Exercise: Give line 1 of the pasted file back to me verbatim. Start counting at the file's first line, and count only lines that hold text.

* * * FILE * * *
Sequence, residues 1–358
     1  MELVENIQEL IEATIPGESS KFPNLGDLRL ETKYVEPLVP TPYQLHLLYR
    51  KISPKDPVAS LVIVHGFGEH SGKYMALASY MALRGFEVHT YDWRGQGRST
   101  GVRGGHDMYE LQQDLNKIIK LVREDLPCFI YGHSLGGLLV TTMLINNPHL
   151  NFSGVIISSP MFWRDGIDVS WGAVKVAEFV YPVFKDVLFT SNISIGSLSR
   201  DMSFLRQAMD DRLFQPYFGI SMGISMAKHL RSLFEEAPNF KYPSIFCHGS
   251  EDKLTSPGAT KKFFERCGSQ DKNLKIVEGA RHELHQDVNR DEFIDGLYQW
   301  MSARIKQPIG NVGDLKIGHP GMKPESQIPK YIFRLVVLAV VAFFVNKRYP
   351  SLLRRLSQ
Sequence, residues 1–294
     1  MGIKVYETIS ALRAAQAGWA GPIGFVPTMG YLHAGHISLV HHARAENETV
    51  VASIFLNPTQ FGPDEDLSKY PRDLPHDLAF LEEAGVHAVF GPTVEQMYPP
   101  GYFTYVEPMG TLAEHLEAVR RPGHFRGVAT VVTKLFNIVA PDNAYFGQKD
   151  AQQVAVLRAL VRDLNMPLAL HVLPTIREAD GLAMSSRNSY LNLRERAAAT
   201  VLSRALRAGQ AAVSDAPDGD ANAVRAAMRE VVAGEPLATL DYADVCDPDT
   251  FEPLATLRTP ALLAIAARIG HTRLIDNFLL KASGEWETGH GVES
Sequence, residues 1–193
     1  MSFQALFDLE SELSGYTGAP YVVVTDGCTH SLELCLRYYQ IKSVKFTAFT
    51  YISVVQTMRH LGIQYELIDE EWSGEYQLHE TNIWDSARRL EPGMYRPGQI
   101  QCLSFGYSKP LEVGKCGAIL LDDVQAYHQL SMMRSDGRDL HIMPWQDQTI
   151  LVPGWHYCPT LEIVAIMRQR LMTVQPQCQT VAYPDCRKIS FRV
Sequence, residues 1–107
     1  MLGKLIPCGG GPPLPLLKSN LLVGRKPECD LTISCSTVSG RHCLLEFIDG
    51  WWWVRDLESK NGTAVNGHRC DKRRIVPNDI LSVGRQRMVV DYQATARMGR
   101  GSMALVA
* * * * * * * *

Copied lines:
Sequence, residues 1–358